As in the first edition of Inflammatory Bowel Diseases this new edition continues to provide readers with a concise, yet in-depth review of many of the important areas in the history, epidemiology, pathogenesis, diagnosis, and treatment of the inflammatory bowel diseases (ulcerative colitis and Crohn's disease), as well as associated issues: extraintestinal manifestations, ostomy care, women's issues, economics, etc. This Second Edition provides the reders with up-to-date, state-of-the art approaches to these disease states, with expansion into the newer topics that have emerged in the past few years which include the expansion of biological agents for treatment, new studies in the epidemiology of IBD, the changing economics of IBD, breakthroughs in new endoscopic evaluations, major advances in novel radiographic techniques, the detection of colorectal cancer in patients with IBD and new findings in the genetics of IBD.
New Trend / Developments (* These all emerged since our last edition)
The most critical trend that has arisen over the past few years has been the introduction and expansion of biological agents in the treatment of inflammatory diseases worldwide. While only one agent, infliximab (Remicade), existed at the time of publication of my first edition, there have been multiple other agents either approved or pending approval for the treatments of these diseases, or in the upper-stages of development. The impact is not only upon the patients, but also on the health-care providers, policy makers, researchers, biotech and pharmacompanies, and the business community.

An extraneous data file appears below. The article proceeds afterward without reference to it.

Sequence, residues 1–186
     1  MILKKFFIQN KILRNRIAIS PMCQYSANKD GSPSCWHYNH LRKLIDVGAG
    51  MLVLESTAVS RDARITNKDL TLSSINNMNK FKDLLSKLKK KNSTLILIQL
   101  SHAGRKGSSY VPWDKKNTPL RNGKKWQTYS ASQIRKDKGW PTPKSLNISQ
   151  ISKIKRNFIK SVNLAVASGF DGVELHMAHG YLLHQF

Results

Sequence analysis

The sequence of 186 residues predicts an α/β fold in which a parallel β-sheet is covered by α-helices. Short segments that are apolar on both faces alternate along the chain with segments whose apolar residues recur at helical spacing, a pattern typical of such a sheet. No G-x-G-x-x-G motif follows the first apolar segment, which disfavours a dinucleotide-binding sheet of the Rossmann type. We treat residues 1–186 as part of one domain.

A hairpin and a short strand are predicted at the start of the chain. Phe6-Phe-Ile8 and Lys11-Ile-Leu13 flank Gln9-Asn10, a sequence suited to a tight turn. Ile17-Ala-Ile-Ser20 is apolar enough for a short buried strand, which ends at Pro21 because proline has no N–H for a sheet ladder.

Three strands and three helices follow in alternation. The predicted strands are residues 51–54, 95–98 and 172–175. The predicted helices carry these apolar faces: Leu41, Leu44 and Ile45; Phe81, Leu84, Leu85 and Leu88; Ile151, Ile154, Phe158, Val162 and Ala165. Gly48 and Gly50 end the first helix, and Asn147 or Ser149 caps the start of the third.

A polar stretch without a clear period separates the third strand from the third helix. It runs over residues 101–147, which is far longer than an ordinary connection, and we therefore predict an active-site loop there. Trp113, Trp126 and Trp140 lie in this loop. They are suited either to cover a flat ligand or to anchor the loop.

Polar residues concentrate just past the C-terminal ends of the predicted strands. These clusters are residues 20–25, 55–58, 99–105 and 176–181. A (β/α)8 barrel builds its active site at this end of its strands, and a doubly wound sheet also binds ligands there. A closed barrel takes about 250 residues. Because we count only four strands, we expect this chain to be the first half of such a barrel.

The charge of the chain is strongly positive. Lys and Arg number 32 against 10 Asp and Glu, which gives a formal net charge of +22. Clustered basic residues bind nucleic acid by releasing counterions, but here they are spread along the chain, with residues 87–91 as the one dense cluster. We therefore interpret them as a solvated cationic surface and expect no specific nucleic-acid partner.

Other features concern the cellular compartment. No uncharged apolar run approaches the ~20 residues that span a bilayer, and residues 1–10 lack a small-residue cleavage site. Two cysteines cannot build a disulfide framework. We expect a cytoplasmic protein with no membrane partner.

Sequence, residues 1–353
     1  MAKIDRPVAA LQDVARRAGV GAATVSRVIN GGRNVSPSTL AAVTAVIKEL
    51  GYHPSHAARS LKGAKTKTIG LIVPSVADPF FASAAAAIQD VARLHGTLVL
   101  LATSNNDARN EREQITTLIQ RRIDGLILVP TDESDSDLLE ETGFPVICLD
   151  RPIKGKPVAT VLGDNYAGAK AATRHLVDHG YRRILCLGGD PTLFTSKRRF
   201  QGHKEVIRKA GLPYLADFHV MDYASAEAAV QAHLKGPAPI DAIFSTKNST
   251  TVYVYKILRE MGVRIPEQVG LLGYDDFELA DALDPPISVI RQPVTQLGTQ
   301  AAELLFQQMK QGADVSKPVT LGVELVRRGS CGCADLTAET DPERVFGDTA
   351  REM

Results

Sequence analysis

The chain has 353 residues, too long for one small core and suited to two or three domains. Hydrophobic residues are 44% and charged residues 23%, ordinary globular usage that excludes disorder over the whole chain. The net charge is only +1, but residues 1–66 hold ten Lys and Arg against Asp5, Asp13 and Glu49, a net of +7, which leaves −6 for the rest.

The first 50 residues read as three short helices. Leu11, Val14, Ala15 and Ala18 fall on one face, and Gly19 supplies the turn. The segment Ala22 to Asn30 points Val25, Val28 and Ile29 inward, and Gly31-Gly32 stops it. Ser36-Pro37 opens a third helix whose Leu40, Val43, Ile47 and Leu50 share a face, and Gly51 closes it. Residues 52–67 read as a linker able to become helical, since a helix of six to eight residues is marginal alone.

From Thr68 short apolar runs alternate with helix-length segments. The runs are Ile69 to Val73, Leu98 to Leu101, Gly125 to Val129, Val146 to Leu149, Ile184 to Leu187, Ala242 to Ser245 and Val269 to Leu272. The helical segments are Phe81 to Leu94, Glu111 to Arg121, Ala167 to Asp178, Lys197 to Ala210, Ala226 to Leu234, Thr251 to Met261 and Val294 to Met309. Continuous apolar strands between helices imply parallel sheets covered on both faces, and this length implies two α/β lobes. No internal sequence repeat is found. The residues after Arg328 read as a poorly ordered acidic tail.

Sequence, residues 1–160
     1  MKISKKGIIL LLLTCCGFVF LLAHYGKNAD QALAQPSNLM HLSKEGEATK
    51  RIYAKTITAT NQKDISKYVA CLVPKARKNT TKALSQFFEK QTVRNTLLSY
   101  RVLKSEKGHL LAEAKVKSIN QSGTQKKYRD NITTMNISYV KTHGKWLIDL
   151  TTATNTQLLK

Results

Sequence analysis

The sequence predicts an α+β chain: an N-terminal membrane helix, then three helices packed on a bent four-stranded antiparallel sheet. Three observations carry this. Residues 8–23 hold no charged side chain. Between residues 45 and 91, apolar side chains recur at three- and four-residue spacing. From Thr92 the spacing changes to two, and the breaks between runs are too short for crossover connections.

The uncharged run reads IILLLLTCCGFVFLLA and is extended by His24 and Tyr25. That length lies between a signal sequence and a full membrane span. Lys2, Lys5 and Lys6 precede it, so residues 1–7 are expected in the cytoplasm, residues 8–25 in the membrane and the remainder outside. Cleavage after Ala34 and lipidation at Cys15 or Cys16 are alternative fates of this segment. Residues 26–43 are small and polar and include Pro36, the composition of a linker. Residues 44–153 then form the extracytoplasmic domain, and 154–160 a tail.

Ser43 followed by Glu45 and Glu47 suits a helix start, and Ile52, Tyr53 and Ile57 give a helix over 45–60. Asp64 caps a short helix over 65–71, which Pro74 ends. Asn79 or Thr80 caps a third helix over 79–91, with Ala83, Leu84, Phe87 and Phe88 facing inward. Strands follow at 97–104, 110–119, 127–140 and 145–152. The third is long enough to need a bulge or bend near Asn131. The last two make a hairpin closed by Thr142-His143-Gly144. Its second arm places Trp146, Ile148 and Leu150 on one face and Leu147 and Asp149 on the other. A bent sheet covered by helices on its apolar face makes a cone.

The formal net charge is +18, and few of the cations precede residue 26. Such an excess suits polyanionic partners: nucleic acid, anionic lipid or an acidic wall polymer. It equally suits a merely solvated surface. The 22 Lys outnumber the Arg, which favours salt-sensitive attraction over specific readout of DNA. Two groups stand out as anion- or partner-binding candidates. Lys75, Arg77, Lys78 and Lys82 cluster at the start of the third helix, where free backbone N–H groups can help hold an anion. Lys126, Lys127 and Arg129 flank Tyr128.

Major changes worldwide in the epidemiology of IBD has spurred new studies in the demographics of who is getting these diseases and why. Previously characterized as diseases primarily affected Caucasians in industrialized countries, there has been an explosion of growth amongst the African American and Hispanic populations in the United States, and well as in pockets of these and other ethnic groups worldwide.
The economics of IBD has been changing greatly, given the issues raised above, as well as major changes in the United States Medicare program, and other insurance changes. The growing proportion of the GNP that healthcare costs are consuming in the US and worldwide has shifted attention to decreasing utilization of health care services, and other cost-savings measures. Again, up to this point this has been an exclusive part of our IBD book.
New findings in the genetics of IBD have been recently published. Our first edition had the finding of the first Crohn's disease gene inserted just before going to press; so much has been published about the phenotypes and other genotypes that have emerged.
Breakthroughs in new endoscopic evaluations of the bowel (ie. Capsule endoscopy, double-balloon enteroscopy, endoscopic ultrasound) and their use in the inflammatory bowel diseases will be a key highlight of this new book.
Major advances in novel radiographic techniques employed in patients with inflammatory bowel disease (ie. CT enterography, MR enterography, advanced ultrasounds, etc.) will also an important component of our work.
There have been numerous areas related to the development and detection of colorectal cancer in patients with IBD that have emerged in the past few years. Techniques of better detection (ie. Narrow band imaging; special mucosal staining; endoscopic histological evaluations) as well as research in the putative role of mesalamine and other agents for colorectal cancer prevention are all hot topics that will attract much interest from a variety of interest groups I described above.
Identification of additional disease states that probably belong in the IBD family, such as microscopic colitis (including lymphocytic colitis), and collagenous colitis add to the diseases that will be discussed in this new edition.